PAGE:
The move, which ultimately served as a means to offload Timofey Mozgov’s massive contract, was a polarizing decision at the time. Despite Russell’s uneven play during his first years as a pro, there were enough tantalizing flashes of his shooting and playmaking upside that gave fans optimism about his future in the backcourt.
However, his fit both on and off the court, did not align with the vision of those within the front office.
“D’Angelo is an excellent player,” then-team president Magic Johnson told ESPN’s Baxter Holmes after the deal. “He has the talent to be an All-Star...But what I needed was a leader. I needed somebody also that can make the other players better and also [somebody] that players want to play with.”
Not only was Johnson’s quote a damning indictment of Russell’s character, but it also directly played a role in shaping his checkered perception around the league according to the guard.
“I remember Magic Johnson was like ‘We need a leader’ or something like that. And I was already a natural leader. Like that was just already me and I didn’t even know I was. After I got away from that, I was like ‘Damn, that’s really me. Everything that he said, I’m actually doing that.’ I started realizing my teammates did want to play with me. I did make guys around me better. I did lead guys off the floor and help them get their s— together routine-wise, diet, sleep, whatever. I was actually that guy. But he created this stereotype that I wasn’t this guy so then I was fighting that my whole career.”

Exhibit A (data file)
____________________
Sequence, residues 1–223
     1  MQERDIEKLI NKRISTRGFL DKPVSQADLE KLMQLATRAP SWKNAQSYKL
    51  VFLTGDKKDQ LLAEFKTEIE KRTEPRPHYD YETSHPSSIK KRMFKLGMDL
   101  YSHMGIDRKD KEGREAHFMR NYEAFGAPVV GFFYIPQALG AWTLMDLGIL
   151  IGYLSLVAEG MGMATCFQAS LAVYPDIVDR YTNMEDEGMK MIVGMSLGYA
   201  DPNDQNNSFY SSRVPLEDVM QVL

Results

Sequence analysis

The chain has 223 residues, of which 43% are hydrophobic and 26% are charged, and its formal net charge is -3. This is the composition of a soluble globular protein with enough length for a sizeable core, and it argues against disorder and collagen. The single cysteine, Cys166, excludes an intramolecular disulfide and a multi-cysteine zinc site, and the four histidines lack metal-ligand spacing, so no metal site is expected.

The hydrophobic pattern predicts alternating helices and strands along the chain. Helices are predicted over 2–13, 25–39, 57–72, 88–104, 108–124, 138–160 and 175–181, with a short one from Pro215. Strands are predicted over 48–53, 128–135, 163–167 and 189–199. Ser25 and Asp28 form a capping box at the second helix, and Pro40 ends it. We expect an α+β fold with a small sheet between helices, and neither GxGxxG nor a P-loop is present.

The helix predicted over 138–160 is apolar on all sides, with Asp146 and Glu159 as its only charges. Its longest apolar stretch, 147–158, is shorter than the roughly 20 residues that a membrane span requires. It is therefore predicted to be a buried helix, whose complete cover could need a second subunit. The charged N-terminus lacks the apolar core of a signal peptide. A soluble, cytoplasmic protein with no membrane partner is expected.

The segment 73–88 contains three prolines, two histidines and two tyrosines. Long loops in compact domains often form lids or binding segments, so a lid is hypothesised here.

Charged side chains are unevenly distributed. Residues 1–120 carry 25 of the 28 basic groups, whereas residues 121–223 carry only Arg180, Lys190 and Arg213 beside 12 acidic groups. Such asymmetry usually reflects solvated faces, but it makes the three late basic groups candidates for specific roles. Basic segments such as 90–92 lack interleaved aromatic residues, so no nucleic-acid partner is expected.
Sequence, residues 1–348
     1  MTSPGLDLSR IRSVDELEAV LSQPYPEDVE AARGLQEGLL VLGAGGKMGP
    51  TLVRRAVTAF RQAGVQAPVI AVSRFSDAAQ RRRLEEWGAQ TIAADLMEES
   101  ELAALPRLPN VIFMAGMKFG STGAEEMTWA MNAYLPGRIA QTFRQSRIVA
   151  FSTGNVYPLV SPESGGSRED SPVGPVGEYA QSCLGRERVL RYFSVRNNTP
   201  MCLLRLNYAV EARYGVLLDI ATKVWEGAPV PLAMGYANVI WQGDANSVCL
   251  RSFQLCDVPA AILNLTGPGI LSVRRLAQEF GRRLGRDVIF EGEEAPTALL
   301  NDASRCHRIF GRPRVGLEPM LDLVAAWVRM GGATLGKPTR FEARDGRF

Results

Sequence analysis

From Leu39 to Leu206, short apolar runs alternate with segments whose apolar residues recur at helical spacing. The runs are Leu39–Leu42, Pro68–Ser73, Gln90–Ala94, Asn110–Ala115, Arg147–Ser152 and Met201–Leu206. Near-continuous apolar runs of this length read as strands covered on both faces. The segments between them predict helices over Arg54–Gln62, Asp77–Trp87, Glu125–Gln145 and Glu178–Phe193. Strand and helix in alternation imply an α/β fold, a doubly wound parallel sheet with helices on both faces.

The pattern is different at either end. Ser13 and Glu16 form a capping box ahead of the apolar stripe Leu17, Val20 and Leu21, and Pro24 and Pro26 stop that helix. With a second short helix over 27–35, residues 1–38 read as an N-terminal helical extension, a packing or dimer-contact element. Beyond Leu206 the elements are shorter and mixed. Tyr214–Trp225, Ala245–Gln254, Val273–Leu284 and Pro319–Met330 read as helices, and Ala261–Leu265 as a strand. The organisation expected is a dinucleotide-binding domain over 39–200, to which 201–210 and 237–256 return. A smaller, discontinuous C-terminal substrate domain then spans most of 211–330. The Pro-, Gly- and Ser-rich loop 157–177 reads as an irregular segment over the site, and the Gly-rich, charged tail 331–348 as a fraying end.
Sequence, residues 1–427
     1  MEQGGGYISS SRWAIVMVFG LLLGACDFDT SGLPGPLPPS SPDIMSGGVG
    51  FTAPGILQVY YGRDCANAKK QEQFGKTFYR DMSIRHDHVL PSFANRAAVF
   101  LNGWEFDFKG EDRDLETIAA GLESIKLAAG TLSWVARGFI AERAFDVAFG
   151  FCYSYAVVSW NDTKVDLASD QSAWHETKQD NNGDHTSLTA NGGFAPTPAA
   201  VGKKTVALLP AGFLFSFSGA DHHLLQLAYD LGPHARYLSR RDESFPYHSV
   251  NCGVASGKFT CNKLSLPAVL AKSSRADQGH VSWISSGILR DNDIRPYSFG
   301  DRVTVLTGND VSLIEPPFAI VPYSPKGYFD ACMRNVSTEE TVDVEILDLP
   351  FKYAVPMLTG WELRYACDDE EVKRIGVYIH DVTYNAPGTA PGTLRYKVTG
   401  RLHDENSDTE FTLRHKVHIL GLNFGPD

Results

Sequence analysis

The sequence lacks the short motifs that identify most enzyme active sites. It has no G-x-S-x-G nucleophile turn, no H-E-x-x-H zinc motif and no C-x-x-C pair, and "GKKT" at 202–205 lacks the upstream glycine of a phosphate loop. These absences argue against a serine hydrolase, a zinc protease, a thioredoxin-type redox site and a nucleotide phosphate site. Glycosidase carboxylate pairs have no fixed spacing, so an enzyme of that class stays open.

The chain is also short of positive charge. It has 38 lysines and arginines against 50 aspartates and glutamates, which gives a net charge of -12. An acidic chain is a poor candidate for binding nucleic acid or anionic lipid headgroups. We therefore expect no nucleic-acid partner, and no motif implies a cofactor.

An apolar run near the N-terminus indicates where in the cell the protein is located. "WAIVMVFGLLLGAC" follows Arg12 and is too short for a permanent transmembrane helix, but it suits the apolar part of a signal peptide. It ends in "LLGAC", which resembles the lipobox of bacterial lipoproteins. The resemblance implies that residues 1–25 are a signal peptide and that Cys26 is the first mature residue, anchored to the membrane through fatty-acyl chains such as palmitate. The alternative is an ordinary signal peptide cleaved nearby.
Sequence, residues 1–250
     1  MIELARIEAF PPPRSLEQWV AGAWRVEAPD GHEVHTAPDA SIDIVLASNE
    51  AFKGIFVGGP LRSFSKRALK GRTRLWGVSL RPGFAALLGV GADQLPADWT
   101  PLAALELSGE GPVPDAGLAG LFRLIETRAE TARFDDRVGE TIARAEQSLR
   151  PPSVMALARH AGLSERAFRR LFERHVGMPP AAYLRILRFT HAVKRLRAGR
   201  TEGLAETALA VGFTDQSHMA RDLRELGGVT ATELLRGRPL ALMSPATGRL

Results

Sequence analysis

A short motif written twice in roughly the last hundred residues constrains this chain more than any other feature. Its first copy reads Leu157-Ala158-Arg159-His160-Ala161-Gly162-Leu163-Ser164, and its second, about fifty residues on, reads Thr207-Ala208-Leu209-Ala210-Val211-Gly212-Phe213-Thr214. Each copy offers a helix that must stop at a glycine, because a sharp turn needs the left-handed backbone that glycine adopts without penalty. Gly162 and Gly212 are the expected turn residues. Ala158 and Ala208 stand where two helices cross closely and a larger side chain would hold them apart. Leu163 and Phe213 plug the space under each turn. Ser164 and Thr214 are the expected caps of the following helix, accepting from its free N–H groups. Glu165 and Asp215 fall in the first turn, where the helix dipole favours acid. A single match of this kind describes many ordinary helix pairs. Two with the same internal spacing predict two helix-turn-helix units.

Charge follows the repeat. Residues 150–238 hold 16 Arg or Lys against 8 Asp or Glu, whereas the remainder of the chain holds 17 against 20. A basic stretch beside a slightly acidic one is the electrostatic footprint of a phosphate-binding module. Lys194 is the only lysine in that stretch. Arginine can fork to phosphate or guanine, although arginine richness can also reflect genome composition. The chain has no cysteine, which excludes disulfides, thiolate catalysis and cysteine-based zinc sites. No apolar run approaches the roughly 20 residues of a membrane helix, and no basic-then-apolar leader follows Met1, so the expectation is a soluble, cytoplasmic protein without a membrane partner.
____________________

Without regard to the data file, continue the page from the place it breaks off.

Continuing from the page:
Following the trade, which netted the team Brook Lopez and the 27th-overall-pick which eventually became Kyle Kuzma, the Lakers selected Lonzo Ball in the lottery to fill their hole at point guard.
The swap would ultimately prove beneficial for both parties as Russell went on to find success in Brooklyn, helping lead the team to the playoffs and even earning an All-Star nod during his tenure.
However, as was the case in Los Angeles, Russell’s stay in Brooklyn was short-lived as the Nets shifted course from their exciting young homegrown roster and instead went star hunting, moving Russell to the Warriors as part of a sign-and-trade for Kevin Durant. Soon after, Kyrie Irving would fill the spot Russell left behind.
Unfortunately for Russell, this chain of events would kick off an ongoing journey in search of stability. At still only 27, Russell has already been traded four times in his career.
His most recent move came last season when he was dealt back to Los Angeles. Russell would play a key role in helping turn the Lakers’ campaign around as the team eventually reached the Western Conference Finals. Yet, after a disappointing individual performance against the Denver Nuggets, questions once again began to arise regarding his future with the Lakers.